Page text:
AP World History
Spread of Buddhism in China.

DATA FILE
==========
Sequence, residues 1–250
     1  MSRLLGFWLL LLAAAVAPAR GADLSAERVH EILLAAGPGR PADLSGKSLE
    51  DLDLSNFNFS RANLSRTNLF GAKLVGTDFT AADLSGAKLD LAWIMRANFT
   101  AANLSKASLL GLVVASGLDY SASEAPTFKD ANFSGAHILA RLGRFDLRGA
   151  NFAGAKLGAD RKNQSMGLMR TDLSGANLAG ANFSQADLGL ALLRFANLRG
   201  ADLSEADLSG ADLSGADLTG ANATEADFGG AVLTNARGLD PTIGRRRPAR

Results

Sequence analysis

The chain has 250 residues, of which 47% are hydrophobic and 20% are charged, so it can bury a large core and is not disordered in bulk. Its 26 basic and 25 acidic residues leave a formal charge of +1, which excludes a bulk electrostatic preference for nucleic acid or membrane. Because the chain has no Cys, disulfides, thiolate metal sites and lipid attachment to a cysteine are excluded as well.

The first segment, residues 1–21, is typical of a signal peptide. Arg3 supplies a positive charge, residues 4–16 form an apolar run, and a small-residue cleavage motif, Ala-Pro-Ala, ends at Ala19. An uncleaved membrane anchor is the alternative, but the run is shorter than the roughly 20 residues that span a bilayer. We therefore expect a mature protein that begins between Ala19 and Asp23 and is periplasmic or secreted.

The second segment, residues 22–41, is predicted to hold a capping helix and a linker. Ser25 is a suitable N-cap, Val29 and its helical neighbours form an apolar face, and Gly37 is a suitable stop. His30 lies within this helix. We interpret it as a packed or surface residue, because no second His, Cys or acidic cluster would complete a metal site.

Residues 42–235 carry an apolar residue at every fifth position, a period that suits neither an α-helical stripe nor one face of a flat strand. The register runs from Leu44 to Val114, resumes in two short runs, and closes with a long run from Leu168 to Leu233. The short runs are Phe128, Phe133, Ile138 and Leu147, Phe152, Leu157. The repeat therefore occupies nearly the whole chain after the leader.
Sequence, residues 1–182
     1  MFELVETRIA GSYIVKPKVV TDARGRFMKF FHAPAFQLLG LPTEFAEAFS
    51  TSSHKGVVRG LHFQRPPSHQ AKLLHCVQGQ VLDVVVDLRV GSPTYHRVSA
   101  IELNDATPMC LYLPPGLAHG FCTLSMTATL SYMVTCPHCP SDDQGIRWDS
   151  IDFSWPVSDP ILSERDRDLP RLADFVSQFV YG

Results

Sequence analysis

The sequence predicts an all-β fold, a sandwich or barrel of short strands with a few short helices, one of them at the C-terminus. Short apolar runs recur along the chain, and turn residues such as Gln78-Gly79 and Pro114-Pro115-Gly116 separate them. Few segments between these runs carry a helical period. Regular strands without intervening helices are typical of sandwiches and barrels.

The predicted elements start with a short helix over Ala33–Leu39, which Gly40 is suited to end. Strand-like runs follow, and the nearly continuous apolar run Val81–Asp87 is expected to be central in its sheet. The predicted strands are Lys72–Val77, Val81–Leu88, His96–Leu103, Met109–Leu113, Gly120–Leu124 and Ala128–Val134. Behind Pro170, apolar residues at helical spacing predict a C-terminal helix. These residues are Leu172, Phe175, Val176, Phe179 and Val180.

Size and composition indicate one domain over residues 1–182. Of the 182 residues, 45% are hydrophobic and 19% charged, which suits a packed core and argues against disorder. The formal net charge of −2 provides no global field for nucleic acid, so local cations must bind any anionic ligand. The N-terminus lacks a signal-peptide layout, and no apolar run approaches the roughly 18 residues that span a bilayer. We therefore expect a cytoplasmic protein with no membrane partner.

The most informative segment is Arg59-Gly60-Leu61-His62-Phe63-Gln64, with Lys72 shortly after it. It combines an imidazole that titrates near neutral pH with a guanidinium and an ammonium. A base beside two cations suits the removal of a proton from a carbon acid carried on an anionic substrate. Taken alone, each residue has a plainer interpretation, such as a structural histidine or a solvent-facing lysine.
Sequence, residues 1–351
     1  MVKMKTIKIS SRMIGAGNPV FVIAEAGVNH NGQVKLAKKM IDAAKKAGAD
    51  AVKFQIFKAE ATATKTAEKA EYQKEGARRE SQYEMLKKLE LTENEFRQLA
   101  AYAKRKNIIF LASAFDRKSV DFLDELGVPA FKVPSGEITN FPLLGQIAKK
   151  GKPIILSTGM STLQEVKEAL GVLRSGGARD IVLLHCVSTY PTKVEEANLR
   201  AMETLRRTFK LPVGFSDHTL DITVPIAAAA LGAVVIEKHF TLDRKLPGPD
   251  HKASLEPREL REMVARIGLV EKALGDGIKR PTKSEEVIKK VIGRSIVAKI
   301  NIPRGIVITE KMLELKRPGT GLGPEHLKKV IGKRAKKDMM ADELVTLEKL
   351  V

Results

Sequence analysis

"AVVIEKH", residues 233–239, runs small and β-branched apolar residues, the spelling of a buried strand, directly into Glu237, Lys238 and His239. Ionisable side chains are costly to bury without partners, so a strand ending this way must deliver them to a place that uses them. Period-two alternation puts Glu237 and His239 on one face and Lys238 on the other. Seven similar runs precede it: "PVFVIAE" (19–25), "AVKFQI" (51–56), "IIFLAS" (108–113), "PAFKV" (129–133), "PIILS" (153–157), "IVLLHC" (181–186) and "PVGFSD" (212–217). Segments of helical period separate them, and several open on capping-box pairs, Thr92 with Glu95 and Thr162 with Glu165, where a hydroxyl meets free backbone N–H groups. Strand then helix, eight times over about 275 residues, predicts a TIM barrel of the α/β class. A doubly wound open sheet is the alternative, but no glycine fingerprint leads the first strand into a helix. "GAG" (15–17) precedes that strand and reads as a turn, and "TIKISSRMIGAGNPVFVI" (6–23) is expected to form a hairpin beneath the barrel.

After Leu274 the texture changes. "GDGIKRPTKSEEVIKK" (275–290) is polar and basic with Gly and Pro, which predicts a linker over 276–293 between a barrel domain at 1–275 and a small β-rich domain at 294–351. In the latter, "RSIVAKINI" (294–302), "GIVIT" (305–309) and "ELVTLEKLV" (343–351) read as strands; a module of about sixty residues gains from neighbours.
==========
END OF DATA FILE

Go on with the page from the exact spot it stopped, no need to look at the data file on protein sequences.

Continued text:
When Buddhism was first introduced to China the philosophy was met with mainly positive responses, but a time progressed Buddhism was met with less favor and was often blamed for political or social problems before ultimately becoming a fundamental aspect of Chinese society. While some advocated following the teachings of Buddhism and some the eradication of Buddhist beliefs from Chinese society, still other preached co-existence between the Buddhism and the traditional Chinese philosophies, most prominently Confucianism. Documents 4 & 6 are against its spread and undertake to discourage the spread of Buddhism while documents 3 & 5 provide are more objective and advise for the tolerance of Buddhism alongside other, more traditional, Chinese philosophies. Documents 1 & 2 support and promote the practice of Buddhism in China. Document 1, a sermon given by the Buddha in India to perspective followers, at some time in the fifth century B.C.E, tells of the enlightenment gained if one follows the teachings of Buddhism and lives according to the Four Noble Truths, (doc1) which the document focuses around. The reason this document shows a positive attitude towards Buddhism is that the author of the document is the founder of Buddhism, the Buddha. Document 2, similarly to document 1, expresses a positive response to Buddhism and describes the enlightenment of Nirvana, which is attainable through the following of the Buddhist scriptures and a genuine commitment to its teachings (doc2) The author of document 2, Zhi Dun, was a Chinese scholar, and therefore also belonged the upper class, and was also male, which gives him a certain bias, and does not tell how women the lower classes felt. He may espoused this favorable belief in Buddhism in an attempt to convert the Asian steppe nomads, by which he was being invaded at the time, because the conversion would mean less violence, as...